Few fished during the weekend’s rain and wind, but some good catches were seen from those who got out, Laurie from <b>Dow’s Boat Rentals</b> in Lake Hopatcong wrote in an email. Dave Sauerteg reeled in several walleyes to 4 pounds, several hybrid striped bass, some chain pickerel, crappies and a good-sized smallmouth bass, all on livelined herring. Hybrids to 8 pounds have been hitting livelined herring. Nighttime fishing is beginning to produce mostly walleyes and sometimes hybrids. The store is well stocked with Bomber plugs, including new colors, for the angling. Dave Smith trolled rainbow trout to a 2-pound 1-ouncer on Phoebes. Pete Cusick smashed a 25-pound musky released while trolling for trout with Phoebes. Marcin Supinski limited out on sizable crappies to a 1-pound 5-ouncer while casting small jigs.

Good fishing came from rivers and streams before the rain built the water up over the banks, said Larry from <b>Fairfield Fishing Tackle</b> in Pine Brook. Northern pike were fought from Passaic River, and Pequest and Rockaway Rivers showed trout. Largemouth bass lay on spawning beds at Lake Hopatcong, and largemouths are required to be released through June 15 throughout the state for spawning. But anglers hooked the bass at Hopatcong. In saltwater, bluefish swam abundant, and better numbers of striped bass seemed to appear than before. They seemed to depart Hudson and Delaware rivers after spawning.

A bunch of chain pickerel bit at Lake Riviera, said Jeff from <b>Murphy’s Hook House</b> in Toms River. So did a few small largemouth bass and some crappies and sunfish. Ocean County College Pond gave up quite a few pickerel, some crappies and other fish. Pickerel could be lit into on the Toms River at Trilco and on Winding River. Trout were tugged from Spring Lake, mostly on PowerBait, but the fish seemed to prefer different bait on different days. Jeff hooked them on corn one day and garlic PowerBait another. He saw a couple of 5- and 10-pound carp fished from the lake on corn. Trout fishing seemed fairly good on the Toms River near the tree farm in Jackson. Nothing was heard about Manasquan Reservoir. Murphy’s, located on Route 37, also owns <b>Go Fish Bait & Tackle</b> on Fischer Boulevard in Toms River.

 Largemouth bass seemed to be spawning at Greenwich Lake, said Bryan from <b>STC Sports</b> in Gibbstown. The fish were seen near the lake’s edges, probably bedding down, and were reluctant to bite. Largemouths are required to be released through June 15 because of spawning. Jessie Ferguson boated and released two largemouths and a chain pickerel at Pitman’s Alcyon Lake. One of the largemouths jumped on a wacky worm, and the other swiped a white chatter bait with a Havoc Beat Shad.  A customer worked through four dozen worms catching crappies at Elmer Lake in a trip. Trout fishing began to slow at stocked waters like Swedesboro Lake. A few largemouths were angled at the lake. Snakeheads, the invasive species, turned out steady catches at ditches and streams off Delaware River. Small striped bass were reported caught from the Delaware. No large were mentioned. Weather is much improved, including warmer, this week. That should get anglers fishing more.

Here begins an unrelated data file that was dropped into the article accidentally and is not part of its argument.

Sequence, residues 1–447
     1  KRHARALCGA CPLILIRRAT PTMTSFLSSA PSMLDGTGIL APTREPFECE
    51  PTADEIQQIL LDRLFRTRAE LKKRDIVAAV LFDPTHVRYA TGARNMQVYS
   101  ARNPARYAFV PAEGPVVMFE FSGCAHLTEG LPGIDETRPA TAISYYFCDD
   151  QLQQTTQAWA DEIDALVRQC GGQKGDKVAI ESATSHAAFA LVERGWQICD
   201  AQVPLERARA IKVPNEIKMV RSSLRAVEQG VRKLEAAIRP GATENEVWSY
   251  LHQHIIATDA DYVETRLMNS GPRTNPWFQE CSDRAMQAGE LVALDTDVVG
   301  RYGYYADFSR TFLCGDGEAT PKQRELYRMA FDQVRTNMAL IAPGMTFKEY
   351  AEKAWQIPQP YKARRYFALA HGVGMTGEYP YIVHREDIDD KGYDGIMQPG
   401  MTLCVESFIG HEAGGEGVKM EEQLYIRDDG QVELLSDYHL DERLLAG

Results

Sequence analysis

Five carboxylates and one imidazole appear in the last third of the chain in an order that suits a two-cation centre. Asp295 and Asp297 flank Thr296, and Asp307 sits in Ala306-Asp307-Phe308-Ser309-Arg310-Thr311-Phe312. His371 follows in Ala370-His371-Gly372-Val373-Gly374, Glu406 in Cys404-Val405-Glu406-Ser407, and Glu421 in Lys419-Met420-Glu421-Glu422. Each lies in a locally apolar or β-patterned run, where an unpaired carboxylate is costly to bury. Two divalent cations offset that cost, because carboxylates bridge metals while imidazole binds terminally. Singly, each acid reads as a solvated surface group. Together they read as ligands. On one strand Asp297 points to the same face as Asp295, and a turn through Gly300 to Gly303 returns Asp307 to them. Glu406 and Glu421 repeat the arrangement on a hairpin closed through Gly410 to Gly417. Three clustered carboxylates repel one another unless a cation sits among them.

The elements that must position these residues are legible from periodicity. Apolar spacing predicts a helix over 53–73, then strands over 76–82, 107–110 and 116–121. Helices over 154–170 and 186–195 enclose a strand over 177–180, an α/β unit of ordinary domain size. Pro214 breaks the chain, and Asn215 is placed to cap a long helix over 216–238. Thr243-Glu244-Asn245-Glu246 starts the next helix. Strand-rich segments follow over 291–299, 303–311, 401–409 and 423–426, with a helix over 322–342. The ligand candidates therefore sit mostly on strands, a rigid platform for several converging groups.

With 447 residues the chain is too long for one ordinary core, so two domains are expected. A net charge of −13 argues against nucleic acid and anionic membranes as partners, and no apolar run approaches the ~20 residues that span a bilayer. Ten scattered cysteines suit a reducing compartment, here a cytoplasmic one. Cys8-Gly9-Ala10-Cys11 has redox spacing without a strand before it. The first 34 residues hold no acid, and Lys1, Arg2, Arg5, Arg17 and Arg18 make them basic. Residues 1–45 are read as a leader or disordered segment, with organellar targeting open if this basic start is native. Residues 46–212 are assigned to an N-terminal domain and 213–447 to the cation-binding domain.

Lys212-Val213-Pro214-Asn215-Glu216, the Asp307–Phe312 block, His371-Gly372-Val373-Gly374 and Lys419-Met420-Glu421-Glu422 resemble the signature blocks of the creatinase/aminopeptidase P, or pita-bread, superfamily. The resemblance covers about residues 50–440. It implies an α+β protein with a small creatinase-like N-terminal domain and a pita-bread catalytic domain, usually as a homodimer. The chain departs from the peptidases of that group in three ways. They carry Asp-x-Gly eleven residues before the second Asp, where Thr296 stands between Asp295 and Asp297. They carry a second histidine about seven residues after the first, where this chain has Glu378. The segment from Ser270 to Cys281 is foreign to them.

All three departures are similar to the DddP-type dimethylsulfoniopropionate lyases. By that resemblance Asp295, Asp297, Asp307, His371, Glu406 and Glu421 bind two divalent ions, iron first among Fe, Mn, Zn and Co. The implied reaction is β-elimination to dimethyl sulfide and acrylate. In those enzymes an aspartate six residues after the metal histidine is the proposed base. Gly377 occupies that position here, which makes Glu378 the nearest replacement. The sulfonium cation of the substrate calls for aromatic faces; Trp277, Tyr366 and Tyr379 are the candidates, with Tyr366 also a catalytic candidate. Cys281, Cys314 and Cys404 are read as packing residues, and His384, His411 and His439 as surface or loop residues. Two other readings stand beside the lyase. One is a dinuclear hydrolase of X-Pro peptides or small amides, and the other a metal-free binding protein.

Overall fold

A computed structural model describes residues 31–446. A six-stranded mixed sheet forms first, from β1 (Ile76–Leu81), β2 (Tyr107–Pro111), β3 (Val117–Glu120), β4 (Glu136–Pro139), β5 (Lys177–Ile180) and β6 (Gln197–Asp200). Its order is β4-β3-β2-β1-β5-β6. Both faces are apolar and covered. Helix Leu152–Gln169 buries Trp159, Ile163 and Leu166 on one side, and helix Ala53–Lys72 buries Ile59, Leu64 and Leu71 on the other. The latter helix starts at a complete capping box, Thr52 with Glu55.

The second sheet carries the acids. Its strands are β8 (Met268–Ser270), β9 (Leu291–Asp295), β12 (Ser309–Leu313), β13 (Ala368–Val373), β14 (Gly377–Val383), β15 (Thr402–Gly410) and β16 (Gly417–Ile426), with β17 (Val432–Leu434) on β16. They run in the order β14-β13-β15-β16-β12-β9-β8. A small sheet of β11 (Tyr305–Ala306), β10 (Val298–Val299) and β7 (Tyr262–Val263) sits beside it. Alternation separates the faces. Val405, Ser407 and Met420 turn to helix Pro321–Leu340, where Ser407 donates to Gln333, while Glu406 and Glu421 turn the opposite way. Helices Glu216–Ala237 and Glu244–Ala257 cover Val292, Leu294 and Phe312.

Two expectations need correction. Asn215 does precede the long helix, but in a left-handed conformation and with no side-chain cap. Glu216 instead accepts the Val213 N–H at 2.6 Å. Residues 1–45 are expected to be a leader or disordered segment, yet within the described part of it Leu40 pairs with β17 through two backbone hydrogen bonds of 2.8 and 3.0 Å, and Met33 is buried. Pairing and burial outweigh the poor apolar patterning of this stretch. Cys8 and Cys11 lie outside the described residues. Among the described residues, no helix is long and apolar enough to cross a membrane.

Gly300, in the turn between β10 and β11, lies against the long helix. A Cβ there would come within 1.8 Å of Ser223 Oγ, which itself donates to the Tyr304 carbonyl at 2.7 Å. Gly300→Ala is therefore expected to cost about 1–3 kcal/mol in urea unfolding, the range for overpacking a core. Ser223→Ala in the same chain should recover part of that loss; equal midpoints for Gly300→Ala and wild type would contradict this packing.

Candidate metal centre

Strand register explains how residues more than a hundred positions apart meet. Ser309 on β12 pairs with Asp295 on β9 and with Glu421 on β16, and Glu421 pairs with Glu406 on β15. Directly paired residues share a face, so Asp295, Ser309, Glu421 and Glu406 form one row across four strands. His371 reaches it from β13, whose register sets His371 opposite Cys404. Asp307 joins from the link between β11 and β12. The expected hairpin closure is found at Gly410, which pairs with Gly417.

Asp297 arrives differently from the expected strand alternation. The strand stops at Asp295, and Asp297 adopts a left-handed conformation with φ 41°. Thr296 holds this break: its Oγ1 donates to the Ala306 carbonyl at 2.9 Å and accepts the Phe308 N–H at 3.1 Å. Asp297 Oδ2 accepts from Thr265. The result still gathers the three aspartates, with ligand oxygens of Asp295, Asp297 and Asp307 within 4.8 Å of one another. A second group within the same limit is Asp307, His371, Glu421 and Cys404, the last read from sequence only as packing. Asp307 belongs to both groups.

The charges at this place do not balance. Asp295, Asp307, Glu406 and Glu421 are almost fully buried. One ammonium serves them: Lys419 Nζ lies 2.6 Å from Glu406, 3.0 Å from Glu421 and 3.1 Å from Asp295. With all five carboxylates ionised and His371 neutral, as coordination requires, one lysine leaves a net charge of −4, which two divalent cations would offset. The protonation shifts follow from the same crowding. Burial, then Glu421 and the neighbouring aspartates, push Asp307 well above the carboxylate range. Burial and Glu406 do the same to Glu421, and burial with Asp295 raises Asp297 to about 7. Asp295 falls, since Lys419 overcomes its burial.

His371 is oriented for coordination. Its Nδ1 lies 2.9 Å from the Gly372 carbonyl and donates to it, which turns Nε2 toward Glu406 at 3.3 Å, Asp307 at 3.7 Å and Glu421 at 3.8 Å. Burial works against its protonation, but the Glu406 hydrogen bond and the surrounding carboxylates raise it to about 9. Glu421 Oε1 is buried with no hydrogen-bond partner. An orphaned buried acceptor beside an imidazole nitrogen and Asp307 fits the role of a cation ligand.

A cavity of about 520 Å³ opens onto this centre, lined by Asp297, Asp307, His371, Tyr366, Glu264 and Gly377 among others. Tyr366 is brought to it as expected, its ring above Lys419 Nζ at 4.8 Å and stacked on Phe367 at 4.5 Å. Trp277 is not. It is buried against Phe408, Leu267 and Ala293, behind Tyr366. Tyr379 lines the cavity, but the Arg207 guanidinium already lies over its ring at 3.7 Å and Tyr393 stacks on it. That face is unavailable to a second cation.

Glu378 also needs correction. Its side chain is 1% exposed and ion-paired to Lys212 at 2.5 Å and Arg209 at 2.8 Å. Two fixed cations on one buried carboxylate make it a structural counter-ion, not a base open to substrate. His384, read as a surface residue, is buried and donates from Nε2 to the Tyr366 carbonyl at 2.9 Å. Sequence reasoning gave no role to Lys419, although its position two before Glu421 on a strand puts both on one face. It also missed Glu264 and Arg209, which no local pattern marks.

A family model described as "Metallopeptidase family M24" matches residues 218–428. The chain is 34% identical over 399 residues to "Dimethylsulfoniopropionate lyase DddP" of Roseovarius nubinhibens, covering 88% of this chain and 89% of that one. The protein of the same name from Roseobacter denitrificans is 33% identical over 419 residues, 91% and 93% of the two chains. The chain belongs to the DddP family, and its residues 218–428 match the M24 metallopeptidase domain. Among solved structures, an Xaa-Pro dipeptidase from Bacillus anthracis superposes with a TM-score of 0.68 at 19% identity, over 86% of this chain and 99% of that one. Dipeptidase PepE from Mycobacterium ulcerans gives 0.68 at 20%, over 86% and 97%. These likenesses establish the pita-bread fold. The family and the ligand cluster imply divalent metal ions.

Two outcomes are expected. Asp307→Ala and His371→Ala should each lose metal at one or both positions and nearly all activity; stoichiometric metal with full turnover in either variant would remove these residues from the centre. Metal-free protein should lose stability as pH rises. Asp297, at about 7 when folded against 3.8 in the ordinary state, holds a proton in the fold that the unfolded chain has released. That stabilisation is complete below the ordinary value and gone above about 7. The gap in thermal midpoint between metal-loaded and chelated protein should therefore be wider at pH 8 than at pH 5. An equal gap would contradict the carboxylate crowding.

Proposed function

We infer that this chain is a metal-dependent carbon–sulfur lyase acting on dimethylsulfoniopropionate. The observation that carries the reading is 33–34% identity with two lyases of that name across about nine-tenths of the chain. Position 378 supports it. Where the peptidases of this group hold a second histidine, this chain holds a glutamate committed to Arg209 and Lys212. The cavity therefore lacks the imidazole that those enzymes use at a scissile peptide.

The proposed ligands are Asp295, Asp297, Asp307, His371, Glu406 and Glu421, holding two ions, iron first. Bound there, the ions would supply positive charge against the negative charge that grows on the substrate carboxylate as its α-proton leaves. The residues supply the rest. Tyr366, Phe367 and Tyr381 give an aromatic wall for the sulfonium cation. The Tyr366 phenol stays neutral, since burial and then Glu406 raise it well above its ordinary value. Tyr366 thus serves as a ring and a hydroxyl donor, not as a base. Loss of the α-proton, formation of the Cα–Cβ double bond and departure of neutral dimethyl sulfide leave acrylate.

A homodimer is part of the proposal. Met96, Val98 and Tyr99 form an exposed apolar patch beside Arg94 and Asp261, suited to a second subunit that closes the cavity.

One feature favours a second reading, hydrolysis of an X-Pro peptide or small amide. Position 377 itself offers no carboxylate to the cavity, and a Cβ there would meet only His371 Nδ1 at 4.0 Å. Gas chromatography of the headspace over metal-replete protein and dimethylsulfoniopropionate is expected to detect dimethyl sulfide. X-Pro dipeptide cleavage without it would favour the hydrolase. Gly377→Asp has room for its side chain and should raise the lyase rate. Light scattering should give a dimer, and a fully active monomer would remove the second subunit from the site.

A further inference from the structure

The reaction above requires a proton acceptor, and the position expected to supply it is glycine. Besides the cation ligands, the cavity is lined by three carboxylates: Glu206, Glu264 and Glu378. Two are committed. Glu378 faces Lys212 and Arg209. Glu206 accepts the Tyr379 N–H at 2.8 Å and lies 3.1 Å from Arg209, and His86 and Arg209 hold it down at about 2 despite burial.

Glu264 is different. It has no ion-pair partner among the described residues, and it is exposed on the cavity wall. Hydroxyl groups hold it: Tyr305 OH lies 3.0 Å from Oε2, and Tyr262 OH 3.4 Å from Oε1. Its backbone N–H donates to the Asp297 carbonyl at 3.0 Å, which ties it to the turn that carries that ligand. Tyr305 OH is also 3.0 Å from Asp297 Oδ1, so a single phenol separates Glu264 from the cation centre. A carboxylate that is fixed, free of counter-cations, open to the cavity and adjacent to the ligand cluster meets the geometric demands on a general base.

A ton of yellow perch were nabbed from Grenloch Lake the past two weeks, said Ed from <b>Creek Keepers Bait & Tackle</b> in Blackwood. That was unusual, and he didn’t know where all the perch came from. Trout were still picked up from Grenloch sometimes. Ed and wife totaled 15 to 20 largemouth bass to his wife’s 4-pounder hooked and released at Glen Lake on shiners Sunday. At the shore, lots of bluefish schooled at Atlantic City and Long Beach Island.

One angler Senko-wormed five largemouth bass to 2 pounds at Collins Lakes, <b>Sportsman’s Outpost</b> in Williamstown’s Facebook page said. Another fly-rodded six largemouths to 3 pounds and a dozen crappies at Greenwich Lake. Plenty of chain pickerel hit at Franklinville Lake for another angler, who fished minnows. Delaware River’s striped bass fishing seemed to slow last week, but the river served up good catfishing. Two anglers totaled six cats to 7 pounds on the river at Paulsboro on nightcrawlers. Bluefish tore up saltwater. A customer kayaked a stringer of large blues on the back bay at North Wildwood. Weakfish began to be plucked from the surf along jetties on bucktails and pink Zooms or Fin-S Fish. Black drum and sometimes striped bass were boated on Delaware Bay.

The weather around the weekend put a damper on fishing, said Steve from <b>Blackwater Sports Center</b> in Vineland. But largemouth bass fishing was fair at lakes on soft-plastics like Senkos or a Ned rig. Trout fishing seemed to be petering out, and not much was reported about them.  More of a crowd began to fish for bluegills and other panfish. That angling could be great on worms. In saltwater, plenty of bluefish schooled inlets and back bays. Striped bass were angled from the same waters at night. A few weakfish began to be reported from jetties and back bays. Good fishing for black drum and stripers was boated on lower Delaware Bay.